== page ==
Once my oldest daughter cried because I pressed a button on a machine and didn’t let her (even though she didn’t tell me she wanted to!). I calmly acknowledged how hard that was for her.
You could empathize or just acknowledge feelings:
- I would also feel upset if I didn’t have a chance to press the button when I wanted to.
- I understand that you’re upset. I’m sorry you didn’t get to press it.
If necessary, give her a safe space to cry or be upset. I have gently carried each of my daughters out of public places several times when they were crying or screaming loudly. Then, I talked to them calmly in the parking lot and waited until they calmed down.
When you can give choices, your child feels like she has some control over parts of her life.
For example, I let my daughters choose what they want to wear each day. Sometimes they wear interesting combinations (to me) or choose to wear a fancy party dress when we go to the grocery store or swimming lessons. There’s no need for me to make a battle over this.
Lately, they’ve both been wearing fancy dresses every single day because they want to look like princesses. Why not? I save my energy for more important battles.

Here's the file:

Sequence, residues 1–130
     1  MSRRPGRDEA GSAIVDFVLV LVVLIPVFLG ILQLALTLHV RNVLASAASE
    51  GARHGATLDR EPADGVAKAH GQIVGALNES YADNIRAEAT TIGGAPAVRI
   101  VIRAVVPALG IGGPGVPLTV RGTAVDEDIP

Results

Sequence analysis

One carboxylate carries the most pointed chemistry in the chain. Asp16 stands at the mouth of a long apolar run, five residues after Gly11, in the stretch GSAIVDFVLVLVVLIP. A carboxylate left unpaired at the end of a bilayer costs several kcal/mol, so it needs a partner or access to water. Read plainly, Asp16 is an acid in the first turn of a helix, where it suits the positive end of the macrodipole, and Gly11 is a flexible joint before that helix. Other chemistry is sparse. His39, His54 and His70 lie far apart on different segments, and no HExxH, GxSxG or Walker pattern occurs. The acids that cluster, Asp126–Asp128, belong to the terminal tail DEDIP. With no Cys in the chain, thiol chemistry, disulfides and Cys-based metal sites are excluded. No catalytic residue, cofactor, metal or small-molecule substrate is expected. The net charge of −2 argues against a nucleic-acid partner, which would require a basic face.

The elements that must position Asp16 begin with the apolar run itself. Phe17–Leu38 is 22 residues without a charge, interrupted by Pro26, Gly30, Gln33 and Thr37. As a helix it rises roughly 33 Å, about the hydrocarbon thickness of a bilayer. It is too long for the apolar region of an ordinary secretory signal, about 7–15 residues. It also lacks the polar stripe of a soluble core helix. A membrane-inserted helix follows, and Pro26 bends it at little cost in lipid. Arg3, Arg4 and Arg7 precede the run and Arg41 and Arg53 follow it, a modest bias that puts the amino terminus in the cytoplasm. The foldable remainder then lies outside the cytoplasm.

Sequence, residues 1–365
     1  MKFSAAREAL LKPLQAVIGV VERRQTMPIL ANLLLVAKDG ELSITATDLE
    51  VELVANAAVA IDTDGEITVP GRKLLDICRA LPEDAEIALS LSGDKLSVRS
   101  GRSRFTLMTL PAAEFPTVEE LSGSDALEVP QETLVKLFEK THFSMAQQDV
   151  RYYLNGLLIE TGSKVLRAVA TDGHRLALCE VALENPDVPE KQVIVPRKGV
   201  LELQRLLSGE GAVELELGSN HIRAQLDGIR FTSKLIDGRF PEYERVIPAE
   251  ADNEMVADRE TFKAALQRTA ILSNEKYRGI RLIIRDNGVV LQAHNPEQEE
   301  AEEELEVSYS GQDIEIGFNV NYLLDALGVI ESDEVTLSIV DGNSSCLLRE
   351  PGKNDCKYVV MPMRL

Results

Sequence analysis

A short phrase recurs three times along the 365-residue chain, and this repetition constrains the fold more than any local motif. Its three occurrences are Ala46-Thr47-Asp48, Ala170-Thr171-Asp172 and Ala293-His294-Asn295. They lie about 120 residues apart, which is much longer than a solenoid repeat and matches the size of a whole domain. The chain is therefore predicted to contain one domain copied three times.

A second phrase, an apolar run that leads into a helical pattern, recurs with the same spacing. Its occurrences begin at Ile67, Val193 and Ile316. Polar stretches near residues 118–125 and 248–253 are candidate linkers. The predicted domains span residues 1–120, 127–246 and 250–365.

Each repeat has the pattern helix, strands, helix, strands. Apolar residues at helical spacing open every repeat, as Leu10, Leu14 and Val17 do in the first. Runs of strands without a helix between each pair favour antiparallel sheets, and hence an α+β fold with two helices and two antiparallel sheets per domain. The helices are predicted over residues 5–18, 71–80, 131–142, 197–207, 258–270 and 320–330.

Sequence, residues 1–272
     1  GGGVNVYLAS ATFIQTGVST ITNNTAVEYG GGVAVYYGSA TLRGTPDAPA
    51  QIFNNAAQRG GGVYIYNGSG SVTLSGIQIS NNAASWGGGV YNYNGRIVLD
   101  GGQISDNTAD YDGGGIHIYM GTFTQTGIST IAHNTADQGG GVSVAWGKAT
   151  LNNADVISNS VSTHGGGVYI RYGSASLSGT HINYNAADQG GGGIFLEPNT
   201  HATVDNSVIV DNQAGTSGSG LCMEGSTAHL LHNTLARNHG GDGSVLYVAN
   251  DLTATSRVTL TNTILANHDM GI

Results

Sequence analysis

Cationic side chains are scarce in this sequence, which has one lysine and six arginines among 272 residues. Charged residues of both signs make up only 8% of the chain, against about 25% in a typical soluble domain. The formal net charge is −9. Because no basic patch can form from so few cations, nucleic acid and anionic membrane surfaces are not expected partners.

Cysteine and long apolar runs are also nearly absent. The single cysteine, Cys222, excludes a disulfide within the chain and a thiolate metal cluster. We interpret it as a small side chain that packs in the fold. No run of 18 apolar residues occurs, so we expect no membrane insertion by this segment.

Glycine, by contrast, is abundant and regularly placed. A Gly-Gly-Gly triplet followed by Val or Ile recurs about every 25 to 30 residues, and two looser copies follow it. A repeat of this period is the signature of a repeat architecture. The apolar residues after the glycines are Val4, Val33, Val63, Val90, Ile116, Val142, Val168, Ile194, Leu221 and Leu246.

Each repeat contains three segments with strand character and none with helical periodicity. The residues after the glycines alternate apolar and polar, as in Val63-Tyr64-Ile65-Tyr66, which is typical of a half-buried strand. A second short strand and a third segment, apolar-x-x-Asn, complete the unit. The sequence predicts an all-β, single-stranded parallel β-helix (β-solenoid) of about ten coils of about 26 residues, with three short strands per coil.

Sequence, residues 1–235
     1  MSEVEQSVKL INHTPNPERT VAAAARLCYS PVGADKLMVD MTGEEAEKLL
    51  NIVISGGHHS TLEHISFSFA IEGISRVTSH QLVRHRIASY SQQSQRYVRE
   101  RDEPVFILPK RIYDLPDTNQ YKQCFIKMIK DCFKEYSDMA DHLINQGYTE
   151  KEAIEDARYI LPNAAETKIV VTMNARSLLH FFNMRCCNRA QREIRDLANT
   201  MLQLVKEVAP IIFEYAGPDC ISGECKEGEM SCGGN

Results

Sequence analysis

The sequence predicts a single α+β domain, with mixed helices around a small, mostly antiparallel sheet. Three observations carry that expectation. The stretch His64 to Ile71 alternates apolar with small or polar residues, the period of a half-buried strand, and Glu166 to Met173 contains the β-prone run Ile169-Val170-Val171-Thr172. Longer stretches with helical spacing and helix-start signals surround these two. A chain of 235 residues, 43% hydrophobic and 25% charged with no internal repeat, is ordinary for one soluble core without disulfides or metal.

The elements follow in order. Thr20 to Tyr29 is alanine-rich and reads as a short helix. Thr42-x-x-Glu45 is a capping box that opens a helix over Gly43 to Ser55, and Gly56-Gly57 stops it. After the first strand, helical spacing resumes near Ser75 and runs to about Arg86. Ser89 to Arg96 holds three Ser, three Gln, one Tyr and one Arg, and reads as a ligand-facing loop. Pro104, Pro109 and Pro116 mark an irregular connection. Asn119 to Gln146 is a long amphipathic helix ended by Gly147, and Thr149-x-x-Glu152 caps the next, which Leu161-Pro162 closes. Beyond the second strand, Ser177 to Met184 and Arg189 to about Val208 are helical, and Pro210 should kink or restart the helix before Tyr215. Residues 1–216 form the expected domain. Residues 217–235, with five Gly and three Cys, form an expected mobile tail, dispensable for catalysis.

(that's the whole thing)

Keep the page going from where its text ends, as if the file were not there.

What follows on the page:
To summarize, these are the best steps for you to take during a tantrum:
- Empathize with your child (get down on her level).
- Acknowledge her desire and emotion.
- Give a choice (if possible).
- Set a limit (if necessary)
I know you really want to wear your green shirt, but you can’t because it’s in the washing machine right now.
After a tantrum:
When your child is calm, you can briefly review the incident and talk about what happened. This can help your child understand and reflect.
My girls and I often use little phrases (mostly from the Daniel Tiger PBS show) to remind each other how to act.
(“When you feel frustrated, take a step back and ask somebody for help.” “When you feel so mad that you want to roar, take a deep breath and count to four.”)
Connect and love
Talk about what happened to help your child understand and talk about what to do when this situation comes up again:
When your sister tries to take your toys, instead of hitting her, call me and I will help you.
When my second daughter started crawling she would inevitably crawl toward my oldest and try to grab things. My oldest girl would get very irritated and frustrated sometimes and I had to repeatedly remind her to call me for help. Eventually, after lots of reminders from me, she
If I had to summarize everything involving tantrums, I would say that the 2 main things to remember during one are:
- Remain calm
- Empathize with and acknowledge your child’s feelings
Just a reminder: Empathy and acknowledging feelings does not mean that any behavior is ok. We can set limits if needed (“I’m going to move your sister away, as I can’t let you hurt her.”)
You CAN learn how to gently handle tantrums and remain calm while doing so. Work on staying calm, preventing tantrums when possible, acknowledging feelings and empathizing. Talking about the incident afterward can also help your child process. If you like this, please share and let me know your own tantrum taming tips!